An elephant still roams the Knysna forest in South Africa – she has been seen on rare occasions. About 500 kilometres east lies Addo Elephant National Park, a primary tourist destination and home to more than 600 elephants.
Not many people remember that these two elephant groups were once connected: just 200 hundred years ago, elephants moved freely between Knysna’s Garden of Eden and Addo. Human presence and settlements have put a stop to this migration path.
The NGO, Eden to Addo, has been working tirelessly since 2006 to make this migration a reality again. To undertake such epic work, Eden to Addo focuses on developing ecological corridors between existing protected areas: the Garden Route National Park, the Tsitsikamma National Park, the Baviaanskloof World Heritage Site and Addo Elephant National Park.
Such corridors consist of privately-owned land: the agglomeration of landowner partners allows communication between these areas, thus enforcing biodiversity and ensuring ecological processes and connectivity for species. The organisation has already successfully developed corridors between the Garden Route National Park and the Robberg Peninsula and between the Tsitsikamma National Park and the Baviaanskloof World Heritage Site. Current work is focusing on the Springbokvlakte, between the Baviaanskloof and the Addo Elephant National Park, where thousands of springboks used to roam.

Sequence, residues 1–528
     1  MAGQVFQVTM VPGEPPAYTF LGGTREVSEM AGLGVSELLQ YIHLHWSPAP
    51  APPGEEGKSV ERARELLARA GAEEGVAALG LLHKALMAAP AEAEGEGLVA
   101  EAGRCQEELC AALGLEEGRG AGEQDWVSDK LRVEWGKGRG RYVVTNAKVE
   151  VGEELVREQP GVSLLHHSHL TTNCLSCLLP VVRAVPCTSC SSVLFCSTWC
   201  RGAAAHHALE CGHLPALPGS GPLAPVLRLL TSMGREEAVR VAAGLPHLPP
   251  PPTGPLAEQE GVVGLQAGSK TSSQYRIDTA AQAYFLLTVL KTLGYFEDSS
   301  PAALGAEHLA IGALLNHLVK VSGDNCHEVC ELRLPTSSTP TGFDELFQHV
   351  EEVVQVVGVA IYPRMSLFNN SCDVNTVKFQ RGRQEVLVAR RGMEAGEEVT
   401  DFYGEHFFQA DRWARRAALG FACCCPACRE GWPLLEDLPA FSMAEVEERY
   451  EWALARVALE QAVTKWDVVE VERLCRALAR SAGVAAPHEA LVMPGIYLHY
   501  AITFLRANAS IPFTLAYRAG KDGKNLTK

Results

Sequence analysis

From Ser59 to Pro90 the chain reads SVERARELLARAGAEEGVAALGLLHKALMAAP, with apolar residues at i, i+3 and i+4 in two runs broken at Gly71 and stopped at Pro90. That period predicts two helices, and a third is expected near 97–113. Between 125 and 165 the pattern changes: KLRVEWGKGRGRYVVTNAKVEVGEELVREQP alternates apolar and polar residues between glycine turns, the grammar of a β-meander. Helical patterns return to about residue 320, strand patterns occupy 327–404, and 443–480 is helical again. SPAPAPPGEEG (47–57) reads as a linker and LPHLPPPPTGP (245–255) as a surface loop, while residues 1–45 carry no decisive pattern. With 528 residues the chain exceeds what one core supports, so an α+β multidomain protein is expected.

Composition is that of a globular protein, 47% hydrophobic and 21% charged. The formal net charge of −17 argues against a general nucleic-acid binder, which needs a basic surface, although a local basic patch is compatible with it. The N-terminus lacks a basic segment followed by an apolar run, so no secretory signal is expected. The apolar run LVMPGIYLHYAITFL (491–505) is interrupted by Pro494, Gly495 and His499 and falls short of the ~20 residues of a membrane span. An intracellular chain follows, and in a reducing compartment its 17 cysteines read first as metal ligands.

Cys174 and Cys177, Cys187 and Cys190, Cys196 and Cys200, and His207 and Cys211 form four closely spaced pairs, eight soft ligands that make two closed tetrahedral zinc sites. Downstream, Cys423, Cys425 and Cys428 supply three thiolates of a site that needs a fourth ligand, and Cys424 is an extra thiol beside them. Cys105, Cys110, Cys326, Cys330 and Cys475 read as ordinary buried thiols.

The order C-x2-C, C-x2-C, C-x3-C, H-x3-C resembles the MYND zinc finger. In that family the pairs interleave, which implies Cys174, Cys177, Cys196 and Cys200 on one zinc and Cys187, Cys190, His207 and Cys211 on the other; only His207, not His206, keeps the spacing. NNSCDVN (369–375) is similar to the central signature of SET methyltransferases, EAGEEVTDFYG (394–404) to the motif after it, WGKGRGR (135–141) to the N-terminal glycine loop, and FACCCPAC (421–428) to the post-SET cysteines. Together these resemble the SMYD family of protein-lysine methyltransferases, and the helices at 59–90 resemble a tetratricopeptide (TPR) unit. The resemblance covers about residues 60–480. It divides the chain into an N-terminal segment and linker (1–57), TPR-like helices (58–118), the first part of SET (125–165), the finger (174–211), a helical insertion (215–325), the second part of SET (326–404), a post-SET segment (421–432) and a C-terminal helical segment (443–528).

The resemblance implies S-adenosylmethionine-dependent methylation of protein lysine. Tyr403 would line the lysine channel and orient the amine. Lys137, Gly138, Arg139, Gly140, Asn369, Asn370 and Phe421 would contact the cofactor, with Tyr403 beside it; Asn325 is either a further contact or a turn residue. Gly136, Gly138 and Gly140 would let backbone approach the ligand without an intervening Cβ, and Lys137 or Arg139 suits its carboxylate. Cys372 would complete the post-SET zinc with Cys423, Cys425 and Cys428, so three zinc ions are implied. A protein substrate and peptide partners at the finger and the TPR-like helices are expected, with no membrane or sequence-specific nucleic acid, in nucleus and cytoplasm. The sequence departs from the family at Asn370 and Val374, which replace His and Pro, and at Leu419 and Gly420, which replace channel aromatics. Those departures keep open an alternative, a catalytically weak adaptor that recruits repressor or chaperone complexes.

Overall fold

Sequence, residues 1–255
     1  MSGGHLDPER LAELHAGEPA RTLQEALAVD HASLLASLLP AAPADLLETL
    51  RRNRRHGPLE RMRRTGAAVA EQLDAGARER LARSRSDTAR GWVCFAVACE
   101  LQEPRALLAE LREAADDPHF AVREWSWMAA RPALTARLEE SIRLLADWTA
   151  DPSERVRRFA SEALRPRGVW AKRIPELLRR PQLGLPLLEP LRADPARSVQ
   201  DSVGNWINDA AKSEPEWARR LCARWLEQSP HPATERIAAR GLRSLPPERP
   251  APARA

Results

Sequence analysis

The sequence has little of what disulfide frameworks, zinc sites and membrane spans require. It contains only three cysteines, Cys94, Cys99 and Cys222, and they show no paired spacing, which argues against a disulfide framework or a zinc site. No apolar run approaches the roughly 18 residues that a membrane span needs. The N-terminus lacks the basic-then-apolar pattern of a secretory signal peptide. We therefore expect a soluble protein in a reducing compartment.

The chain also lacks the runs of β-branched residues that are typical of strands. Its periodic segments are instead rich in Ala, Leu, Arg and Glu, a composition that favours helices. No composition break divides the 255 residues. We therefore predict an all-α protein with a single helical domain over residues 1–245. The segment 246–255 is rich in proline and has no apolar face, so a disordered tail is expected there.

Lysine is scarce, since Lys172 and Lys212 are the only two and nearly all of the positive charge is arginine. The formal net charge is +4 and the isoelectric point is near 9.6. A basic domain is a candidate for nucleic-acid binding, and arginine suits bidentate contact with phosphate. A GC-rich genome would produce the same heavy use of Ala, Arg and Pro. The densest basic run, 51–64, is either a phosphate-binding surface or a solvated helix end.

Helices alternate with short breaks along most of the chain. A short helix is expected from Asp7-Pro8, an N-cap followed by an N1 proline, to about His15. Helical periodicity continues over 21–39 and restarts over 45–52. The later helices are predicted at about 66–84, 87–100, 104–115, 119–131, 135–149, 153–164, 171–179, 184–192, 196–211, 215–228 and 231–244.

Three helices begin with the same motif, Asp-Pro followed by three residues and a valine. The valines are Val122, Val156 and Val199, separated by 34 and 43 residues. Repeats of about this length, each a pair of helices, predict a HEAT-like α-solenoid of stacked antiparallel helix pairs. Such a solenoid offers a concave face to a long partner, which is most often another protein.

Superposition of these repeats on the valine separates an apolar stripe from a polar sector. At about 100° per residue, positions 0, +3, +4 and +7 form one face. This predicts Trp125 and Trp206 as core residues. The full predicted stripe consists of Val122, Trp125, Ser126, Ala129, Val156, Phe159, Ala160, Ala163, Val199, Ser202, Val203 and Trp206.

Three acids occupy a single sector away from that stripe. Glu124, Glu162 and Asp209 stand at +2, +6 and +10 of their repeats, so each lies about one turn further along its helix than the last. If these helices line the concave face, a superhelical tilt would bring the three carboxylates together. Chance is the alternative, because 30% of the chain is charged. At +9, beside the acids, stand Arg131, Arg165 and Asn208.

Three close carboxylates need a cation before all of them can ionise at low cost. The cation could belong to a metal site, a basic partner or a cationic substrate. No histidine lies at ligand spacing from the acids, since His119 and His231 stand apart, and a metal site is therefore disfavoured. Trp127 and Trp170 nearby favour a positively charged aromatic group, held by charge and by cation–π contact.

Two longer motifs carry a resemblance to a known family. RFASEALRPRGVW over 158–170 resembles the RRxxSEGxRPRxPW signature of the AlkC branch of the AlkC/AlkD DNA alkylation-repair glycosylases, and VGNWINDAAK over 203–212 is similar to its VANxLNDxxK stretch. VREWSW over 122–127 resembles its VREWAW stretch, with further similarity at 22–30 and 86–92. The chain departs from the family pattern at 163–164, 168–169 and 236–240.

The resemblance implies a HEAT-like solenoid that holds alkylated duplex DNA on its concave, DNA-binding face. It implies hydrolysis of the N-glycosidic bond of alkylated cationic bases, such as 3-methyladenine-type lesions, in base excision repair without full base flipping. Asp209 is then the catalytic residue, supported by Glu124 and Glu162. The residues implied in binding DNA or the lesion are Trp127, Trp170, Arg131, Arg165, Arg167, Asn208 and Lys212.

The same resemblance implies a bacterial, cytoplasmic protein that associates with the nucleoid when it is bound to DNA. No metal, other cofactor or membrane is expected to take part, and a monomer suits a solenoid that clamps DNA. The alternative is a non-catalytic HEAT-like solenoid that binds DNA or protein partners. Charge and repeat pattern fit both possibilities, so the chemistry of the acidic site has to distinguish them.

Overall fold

The area Eden to Addo cares for is the most bio-diverse in the world: it includes five different biomes of South Africa’s seven. Among these, mistbelt forest might be one of the most fragile because of its fragmentation during European settlement. The fynbos biome also lies within the area and hosts over 9,000 plant species. The corridor includes the Nama Karoo and Succulent Karoo, offering the visitor a sensation of deep immersion in nature.
Such diversity makes the corridor a stunning area to see and hike in. Eden to Addo initiated an annual Great Corridor Hike in 2006 to raise funds and achieve its mission. It starts in the Garden Route and ends in the Addo Elephant National Park – 20 days and 450 kilometres later. This slack pack adventure allows you to witness Eden to Addo’s conservation work while experiencing beautiful wilderness areas, including those exclusive to Eden to Addo.
Hiking the Great Corridor is an opportunity not to be missed. It enforces the dedication of Eden to Addo’s work: protecting nature from Man’s impact without excluding him from his natural common heritage.
The next Eden to Addo hike is taking place from the 3rd to 23rd of September 2015. Find out more details here.
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